Cable Operators Roll Out the Upgrades

Equipment built to Docsis 1.1 standard is giving customers bandwidth on demand

4 min read

30 July 2003—John Smith is taking it easy on a Saturday afternoon in Little Rock, watching the All-Scottish Sports Web Channel via cable modem. He’s watching the channel with about 50 000 other people—far fewer than the six million it typically takes to support a commercial broadcast TV channel. While John is watching the caber toss—an event in which young men throw around young tree trunks as a test of strength—the company that sold him his six-month-old freezer calls him on his cable phone. The company’s been monitoring the appliance via John’s cable system, and it’s calling to tell him that the freezer, packed with expensive eats for a party tomorrow, is on the fritz. Would John like a technician to come out to repair it? At the same time, his son Mike is playing an interactive, real-time, high-speed video combat game involving a dozen other players across the country, using the in-house network set up and maintained by the cable operator.

John and his family are fictional, but the cable modem capabilities they are enjoying should arrive in the next couple of years, thanks to the roll out of new software and equipment for transmitting data over cable. Major cable providers are in the midst of a massive deployment of services dependent on standards known as data over cable service interface specification—Docsis. The two newest are1.1 and 2.0.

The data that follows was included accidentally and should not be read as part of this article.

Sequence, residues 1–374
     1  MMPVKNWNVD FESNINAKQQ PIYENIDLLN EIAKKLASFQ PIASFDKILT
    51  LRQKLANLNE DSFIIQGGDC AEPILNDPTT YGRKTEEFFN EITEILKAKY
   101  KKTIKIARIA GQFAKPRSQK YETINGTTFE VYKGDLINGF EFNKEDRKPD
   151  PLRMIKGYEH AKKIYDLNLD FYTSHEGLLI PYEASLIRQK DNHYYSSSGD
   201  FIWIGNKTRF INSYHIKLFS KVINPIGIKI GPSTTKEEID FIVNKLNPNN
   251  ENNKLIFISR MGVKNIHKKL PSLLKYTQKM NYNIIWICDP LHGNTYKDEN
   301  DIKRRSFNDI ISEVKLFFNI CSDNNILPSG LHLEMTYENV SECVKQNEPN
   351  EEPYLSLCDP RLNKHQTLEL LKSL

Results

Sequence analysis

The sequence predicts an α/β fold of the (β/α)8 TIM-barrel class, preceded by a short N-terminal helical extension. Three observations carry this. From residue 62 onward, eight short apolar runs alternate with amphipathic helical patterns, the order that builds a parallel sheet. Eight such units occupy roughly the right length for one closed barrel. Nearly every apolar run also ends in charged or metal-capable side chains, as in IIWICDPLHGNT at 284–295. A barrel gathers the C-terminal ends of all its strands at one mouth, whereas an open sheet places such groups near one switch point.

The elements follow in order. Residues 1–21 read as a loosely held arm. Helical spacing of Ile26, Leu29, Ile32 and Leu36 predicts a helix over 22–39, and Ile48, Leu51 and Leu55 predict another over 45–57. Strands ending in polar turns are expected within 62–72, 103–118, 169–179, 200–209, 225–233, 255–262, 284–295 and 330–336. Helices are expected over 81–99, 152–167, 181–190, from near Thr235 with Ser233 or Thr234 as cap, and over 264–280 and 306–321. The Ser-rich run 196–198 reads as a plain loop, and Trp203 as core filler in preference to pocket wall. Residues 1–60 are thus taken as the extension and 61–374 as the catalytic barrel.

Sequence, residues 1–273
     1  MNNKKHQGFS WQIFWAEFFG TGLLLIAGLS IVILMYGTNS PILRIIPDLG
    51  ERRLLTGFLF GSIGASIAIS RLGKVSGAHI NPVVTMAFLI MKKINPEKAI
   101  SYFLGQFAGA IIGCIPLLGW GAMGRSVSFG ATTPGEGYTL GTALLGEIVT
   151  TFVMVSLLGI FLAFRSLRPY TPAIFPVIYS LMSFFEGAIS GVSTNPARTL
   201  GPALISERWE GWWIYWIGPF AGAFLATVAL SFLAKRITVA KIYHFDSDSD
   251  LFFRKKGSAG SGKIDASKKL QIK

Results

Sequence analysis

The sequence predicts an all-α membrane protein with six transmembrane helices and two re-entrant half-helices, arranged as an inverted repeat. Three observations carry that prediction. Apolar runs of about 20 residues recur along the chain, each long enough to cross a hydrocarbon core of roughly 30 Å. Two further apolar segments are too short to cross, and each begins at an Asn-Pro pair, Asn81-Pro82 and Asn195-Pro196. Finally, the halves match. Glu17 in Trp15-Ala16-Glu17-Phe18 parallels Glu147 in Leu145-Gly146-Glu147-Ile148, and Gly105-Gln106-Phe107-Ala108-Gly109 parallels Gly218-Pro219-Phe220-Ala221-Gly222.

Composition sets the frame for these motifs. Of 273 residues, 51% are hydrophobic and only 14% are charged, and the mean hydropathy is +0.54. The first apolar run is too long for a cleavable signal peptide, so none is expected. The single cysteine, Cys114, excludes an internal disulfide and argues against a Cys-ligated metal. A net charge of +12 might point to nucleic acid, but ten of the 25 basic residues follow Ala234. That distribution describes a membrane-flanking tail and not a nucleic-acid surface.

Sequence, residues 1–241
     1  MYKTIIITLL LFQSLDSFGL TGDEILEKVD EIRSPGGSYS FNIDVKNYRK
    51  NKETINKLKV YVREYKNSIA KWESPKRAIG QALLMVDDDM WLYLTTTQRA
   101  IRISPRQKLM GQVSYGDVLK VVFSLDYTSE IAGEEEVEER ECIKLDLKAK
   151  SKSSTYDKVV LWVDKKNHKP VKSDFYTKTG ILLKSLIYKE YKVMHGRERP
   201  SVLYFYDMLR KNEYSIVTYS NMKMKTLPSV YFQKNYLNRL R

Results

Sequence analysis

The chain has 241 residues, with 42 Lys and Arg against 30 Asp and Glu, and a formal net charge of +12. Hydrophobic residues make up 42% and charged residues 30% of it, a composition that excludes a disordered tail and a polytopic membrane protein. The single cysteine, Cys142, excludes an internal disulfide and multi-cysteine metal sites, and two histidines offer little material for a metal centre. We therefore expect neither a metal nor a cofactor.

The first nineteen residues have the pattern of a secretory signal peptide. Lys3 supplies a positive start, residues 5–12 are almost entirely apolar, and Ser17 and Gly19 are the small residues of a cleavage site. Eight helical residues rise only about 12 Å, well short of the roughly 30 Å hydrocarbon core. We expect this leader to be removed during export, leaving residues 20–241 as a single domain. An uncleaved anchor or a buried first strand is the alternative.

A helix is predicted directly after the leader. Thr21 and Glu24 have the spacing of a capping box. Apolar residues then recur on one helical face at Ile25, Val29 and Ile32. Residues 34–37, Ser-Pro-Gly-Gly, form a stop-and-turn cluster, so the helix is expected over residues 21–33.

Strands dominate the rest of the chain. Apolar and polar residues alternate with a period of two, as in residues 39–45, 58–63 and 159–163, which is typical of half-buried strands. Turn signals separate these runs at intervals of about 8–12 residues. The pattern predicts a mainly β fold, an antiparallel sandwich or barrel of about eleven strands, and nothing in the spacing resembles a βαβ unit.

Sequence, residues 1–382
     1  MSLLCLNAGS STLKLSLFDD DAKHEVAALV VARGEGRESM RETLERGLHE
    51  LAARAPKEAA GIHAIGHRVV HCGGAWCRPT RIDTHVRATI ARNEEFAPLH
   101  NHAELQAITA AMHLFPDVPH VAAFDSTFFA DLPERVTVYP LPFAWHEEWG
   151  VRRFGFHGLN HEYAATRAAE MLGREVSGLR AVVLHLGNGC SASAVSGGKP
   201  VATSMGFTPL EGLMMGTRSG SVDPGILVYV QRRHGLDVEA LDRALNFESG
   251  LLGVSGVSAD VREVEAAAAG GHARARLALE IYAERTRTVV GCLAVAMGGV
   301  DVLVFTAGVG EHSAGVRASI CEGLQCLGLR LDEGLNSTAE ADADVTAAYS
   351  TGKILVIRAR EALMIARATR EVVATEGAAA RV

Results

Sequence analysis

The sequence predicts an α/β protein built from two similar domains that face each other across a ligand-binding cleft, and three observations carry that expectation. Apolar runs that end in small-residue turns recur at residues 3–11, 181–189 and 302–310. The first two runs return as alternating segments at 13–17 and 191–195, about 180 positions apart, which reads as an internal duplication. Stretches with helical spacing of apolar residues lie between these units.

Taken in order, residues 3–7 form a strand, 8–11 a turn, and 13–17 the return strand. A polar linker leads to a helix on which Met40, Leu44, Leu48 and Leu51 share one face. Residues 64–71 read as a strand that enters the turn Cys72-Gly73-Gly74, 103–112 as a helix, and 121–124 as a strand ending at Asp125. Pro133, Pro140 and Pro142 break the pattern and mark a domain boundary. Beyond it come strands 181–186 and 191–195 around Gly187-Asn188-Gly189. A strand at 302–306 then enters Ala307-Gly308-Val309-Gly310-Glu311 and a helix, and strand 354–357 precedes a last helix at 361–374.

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Digging Into the New QD-OLED TVs

Formerly rival technologies have come together in Samsung displays

5 min read
Television screen displaying closeup of crystals

Sony's A95K televisions incorporate Samsung's new QD-OLED display technology.

Televisions and computer monitors with QD-OLED displays are now on store shelves. The image quality is—as expected—impressive, with amazing black levels, wide viewing angles, a broad color gamut, and high brightness. The products include:

All these products use display panels manufactured by Samsung but have their own unique display assembly, operating system, and electronics.

I took apart a 55-inch Samsung S95B to learn just how these new displays are put together (destroying it in the process). I found an extremely thin OLED backplane that generates blue light with an equally thin QD color-converting structure that completes the optical stack. I used a UV light source, a microscope, and a spectrometer to learn a lot about how these displays work.

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